Top 10 ICD-10-CM Coding Errors



There are many rules and regulations medical coders must follow for diagnosis coding. Avoiding these 10 most common errors will improve your audit rate.

10. Coding straight from the index. Read the notes in the Tabular List to be sure your selection is correct.

9. Sequencing codes inappropriately. Code the underlying disease BEFORE the manifestation; the injury BEFORE the E code.

8. Assigning too few codes. If an underlying condition is a factor in today’s treatment, sequence it secondarily.

7. Assigning too many codes. If a chronic condition isn’t part of today’s treatment or care plan, it needn’t be reported. But it should be documented once per year, such as in a wellness visit, for risk adjustment purposes.

6. Not looking beyond your code book’s guidelines. Check for annual updates to the ICD-10-CM Official
Guidelines for Coding and Reporting. Download the latest updates.

5. Coding rule-out diagnoses. For professional claims, if a test result is negative, DO NOT code the suspected diagnosis to justify the test. Symptom codes get the doctor paid without compromising the codified medical history of the patient.

4. Truncating codes. Make sure that if a condition provides for details in fourth or fifth digits that you are using them. A truncated code is an invalid code and the quickest road to a claim denial.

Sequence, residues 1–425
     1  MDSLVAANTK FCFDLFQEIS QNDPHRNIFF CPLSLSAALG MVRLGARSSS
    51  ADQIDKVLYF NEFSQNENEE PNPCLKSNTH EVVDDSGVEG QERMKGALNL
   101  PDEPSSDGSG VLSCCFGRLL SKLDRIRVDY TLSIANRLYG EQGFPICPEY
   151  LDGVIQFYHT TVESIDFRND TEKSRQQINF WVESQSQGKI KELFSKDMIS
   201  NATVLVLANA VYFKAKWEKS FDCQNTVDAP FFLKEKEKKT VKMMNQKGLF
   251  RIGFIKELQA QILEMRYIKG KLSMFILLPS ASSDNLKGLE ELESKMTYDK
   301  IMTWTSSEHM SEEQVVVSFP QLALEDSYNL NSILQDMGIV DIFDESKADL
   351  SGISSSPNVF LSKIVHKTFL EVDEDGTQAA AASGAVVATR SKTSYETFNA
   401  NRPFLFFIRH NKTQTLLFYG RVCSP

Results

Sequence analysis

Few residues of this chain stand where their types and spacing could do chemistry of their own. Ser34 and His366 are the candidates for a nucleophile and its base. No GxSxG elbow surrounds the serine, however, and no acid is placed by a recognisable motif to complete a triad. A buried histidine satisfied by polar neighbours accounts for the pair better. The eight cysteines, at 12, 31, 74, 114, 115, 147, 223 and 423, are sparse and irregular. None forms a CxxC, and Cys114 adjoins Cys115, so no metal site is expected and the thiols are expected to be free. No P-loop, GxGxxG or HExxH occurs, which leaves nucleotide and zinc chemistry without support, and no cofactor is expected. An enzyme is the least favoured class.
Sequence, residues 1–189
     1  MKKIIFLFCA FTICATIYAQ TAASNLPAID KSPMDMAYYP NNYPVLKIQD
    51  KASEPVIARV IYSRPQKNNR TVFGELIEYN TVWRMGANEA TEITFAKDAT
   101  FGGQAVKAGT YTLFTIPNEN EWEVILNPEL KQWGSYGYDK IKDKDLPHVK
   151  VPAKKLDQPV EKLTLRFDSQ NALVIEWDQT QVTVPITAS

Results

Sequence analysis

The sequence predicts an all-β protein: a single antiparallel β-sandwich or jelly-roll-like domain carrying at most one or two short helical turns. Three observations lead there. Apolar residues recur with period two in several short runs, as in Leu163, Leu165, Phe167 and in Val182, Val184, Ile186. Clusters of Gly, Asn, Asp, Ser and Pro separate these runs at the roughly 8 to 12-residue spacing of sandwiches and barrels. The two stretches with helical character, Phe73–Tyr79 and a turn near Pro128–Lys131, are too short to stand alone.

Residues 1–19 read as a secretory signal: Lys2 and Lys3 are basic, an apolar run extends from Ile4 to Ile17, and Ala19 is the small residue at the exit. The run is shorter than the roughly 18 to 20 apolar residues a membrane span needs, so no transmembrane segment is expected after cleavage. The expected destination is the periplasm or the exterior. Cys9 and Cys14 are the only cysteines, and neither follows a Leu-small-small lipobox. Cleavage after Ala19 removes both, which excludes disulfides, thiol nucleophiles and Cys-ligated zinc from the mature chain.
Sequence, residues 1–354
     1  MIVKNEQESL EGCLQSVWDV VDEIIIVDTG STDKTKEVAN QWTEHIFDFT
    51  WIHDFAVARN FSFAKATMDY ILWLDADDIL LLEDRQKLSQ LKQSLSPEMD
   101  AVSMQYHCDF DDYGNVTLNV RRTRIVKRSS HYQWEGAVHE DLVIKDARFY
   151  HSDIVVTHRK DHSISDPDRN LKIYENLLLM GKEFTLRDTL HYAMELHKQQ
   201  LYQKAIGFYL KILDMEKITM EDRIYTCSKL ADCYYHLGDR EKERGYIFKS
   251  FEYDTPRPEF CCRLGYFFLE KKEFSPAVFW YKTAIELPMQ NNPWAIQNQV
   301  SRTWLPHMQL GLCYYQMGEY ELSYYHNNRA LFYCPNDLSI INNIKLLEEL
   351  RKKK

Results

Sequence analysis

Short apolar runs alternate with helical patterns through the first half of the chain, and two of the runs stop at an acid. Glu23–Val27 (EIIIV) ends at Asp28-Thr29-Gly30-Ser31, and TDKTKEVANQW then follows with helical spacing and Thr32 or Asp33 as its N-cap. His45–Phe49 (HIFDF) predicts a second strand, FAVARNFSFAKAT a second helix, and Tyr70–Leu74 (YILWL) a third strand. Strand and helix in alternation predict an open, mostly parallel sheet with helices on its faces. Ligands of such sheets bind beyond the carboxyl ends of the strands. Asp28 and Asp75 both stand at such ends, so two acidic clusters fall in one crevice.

3. Settling for a code that is vaguely appropriate. Don’t settle for “other and unspecified” or “other specified,” unless you have exhausted all other possibilities.

2. Letting time get away from you. Make sure the code set and guidelines you are using are those for the date of service on the claim.

1. Thinking ICD-10-CM codes aren’t “money codes.” If the codes are old: DENIAL. If the codes are truncated: DENIAL. If the wrong codes are assigned or the sequencing is wrong: DENIAL, DENIAL. Denials cost money.

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Stacy Chaplain, MD, CPC, is a development editor at AAPC. She has worked in medicine for more than 20 years, with an emphasis on education, writing, and editing since 2015. Prior to AAPC, she led a compliance team as director of clinical coding quality for a multispecialty group practice. Chaplain received her Bachelor of Arts in biology from the University of Texas at Austin and her Medical Doctorate from the University of Texas Medical Branch in Galveston. She is a member of the Beaverton, Oregon, local chapter.

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